Advice on writerly success almost always includes exhortations to write daily, to remain focused, to give up other things in order to keep the butt in the chair. There is much truth in those words, but taken to extremes, can become quite dysfunctional.
New writers in particular are vulnerable to the negative judgments wrapped up in those pieces of guidance, worrying if one can be a “real” writer if not behaving as if writing is the most important thing in life.
It’s a tremendously destructive mindset.
See that picture? That’s my son and I. It was taken by my sister almost fifteen years ago, during a wonderful hike around a lake in southern Indiana. That day, my son touched a frog, giggled over the sound of pebbles splashing in the water, and freaked out over mud sticking to his shoes. Those memories keep my heart full–not only because of my son’s darling childhood experience, but because my sister (who now has two little boys of her own) was there to share it with me.
The picture is one of my favorites. It hangs on the wall where I can see it while I’m working. Sure, I could say it reminds me of the reasons I work on as many projects as I do. But it’s actually there to remind me to stop working rather than obsessively tune out the world to produce content. It’s there to tell me who I am is more important than what I do.
There have been times I behaved otherwise, always trying to take more and more and more time. I could always do those other things later, tomorrow, next time. And I’ll still blow off steam from time to time by griping about things that dig into my writing time and my writing energy. But now, as I watch my son speed toward independent adulthood, as I come to accept the aging of my parents, as my sister and her children build a new life in a new place, as more people I know grow older and share the regrets of their middle age, I get it. I get it.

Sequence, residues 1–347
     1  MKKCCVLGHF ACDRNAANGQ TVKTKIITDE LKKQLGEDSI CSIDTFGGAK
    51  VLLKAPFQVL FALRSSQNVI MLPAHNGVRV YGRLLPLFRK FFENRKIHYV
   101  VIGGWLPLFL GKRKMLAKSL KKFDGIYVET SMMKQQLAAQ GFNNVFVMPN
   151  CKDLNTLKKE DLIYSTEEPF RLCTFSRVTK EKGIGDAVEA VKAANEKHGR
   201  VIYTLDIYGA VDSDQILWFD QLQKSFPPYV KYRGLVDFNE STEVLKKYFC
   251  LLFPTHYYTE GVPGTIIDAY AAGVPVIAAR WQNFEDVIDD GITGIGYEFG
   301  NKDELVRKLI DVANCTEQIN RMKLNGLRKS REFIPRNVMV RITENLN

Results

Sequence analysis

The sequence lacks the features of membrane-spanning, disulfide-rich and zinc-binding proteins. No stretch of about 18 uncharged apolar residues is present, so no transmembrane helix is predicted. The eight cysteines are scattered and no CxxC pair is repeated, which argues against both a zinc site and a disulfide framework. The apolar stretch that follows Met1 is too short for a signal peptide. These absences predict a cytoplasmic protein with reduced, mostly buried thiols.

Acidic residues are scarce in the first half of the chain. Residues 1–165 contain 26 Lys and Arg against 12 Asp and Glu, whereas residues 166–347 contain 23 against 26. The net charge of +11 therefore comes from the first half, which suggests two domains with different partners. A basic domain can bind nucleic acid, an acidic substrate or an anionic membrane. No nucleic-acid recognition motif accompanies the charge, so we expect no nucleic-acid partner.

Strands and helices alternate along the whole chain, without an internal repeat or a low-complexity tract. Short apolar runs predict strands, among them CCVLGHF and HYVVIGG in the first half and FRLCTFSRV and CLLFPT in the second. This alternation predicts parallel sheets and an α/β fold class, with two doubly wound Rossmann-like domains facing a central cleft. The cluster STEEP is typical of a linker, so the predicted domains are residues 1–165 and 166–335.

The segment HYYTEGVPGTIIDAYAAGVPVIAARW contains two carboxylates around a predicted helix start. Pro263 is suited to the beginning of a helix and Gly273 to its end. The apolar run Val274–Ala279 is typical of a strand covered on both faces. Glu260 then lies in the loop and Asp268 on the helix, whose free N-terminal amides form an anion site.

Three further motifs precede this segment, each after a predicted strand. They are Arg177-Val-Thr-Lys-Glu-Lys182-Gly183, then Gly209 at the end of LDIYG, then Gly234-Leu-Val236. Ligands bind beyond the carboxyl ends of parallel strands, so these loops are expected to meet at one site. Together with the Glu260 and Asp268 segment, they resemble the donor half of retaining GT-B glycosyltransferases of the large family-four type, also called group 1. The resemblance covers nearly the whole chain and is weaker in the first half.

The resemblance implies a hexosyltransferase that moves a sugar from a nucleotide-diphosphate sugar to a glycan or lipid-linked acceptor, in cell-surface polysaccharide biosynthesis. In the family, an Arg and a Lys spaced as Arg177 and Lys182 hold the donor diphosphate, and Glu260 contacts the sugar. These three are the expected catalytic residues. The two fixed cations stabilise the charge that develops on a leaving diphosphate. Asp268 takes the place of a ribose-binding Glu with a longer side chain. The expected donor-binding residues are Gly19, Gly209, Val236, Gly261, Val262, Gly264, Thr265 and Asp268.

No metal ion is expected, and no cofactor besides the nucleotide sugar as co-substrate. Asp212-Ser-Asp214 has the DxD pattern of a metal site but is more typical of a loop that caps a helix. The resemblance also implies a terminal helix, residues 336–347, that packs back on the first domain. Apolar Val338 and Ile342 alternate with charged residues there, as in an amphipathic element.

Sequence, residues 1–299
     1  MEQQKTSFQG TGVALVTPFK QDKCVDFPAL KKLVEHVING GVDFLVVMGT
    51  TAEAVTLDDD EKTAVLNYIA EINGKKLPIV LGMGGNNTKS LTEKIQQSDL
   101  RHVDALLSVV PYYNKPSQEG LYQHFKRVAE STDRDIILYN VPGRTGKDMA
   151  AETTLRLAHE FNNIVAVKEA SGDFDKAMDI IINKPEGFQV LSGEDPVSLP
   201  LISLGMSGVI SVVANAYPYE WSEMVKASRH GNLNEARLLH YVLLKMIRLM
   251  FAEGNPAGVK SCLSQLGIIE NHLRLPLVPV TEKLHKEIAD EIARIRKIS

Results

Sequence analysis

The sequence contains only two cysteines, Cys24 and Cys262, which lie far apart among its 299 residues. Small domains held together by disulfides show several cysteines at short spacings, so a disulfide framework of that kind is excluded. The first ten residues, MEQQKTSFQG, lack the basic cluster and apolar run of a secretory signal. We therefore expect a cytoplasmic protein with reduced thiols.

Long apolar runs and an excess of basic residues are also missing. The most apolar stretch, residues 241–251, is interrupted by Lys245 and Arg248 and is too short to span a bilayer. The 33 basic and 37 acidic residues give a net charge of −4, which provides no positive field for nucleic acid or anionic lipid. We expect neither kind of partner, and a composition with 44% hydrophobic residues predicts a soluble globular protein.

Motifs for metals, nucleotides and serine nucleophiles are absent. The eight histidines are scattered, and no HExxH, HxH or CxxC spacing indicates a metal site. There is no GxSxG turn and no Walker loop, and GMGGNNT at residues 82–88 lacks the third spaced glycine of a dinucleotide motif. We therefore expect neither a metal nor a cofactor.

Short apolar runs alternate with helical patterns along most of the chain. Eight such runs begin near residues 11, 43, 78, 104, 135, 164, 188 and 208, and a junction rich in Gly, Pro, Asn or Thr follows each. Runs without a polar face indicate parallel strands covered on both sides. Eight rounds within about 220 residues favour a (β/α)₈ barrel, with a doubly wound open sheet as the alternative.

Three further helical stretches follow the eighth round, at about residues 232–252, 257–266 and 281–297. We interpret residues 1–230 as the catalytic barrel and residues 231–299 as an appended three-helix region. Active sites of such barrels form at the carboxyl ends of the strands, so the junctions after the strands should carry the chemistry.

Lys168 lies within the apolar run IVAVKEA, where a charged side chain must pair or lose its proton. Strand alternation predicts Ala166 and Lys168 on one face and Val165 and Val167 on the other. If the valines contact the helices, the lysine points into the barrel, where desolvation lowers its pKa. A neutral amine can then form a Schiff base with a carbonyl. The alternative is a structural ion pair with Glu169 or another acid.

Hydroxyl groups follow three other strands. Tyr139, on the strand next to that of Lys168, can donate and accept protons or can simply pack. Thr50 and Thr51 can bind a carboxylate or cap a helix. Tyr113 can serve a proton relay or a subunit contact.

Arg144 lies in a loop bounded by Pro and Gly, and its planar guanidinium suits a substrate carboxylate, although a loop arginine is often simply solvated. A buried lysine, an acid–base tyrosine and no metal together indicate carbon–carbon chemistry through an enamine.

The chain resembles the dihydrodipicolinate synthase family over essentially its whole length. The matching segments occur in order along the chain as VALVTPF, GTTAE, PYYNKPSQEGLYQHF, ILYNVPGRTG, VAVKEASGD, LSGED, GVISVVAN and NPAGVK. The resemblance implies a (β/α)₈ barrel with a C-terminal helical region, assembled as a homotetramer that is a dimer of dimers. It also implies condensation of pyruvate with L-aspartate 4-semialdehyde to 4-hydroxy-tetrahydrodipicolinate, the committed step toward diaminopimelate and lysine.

The other way the “write every day, all the time, no matter what” advice can hurt us crops up during times of great pain–emotional or physical. Believing a writer is real only when producing content adds a layer of guilt, depression, and anxiety to hard times that interfere with creativity. Only recently have I discovered the Writing for the Long Haul series over at Janni Lee Simner’s blog. Its most recent entry, “Writing Through Crisis” by Deborah J. Ross, is important for any writer who has endured emotional hits and tragedy. An April 2012 post from Kris Rusch is another important perspective on the impact of life events and hard times on one’s ability to write.
A riverbed doesn’t stop being a riverbed in periods of drought. A writer doesn’t stop being a writer while raising children, loving families, caring for friends, or enduring and processing emotional upheavals. Rather, that’s a writer who is fully participating in life, whose experiences will later inform and enrich their stories when time to write can again be found, and the empathy required to write is once again a companion rather than an affliction.
So if you’re a new (or newer) writer, cut yourself some slack. Choose your priorities as if you never know if “later” will exist. And, frankly, ignore anyone who wants to judge your writer-ness by their own priorities and choices.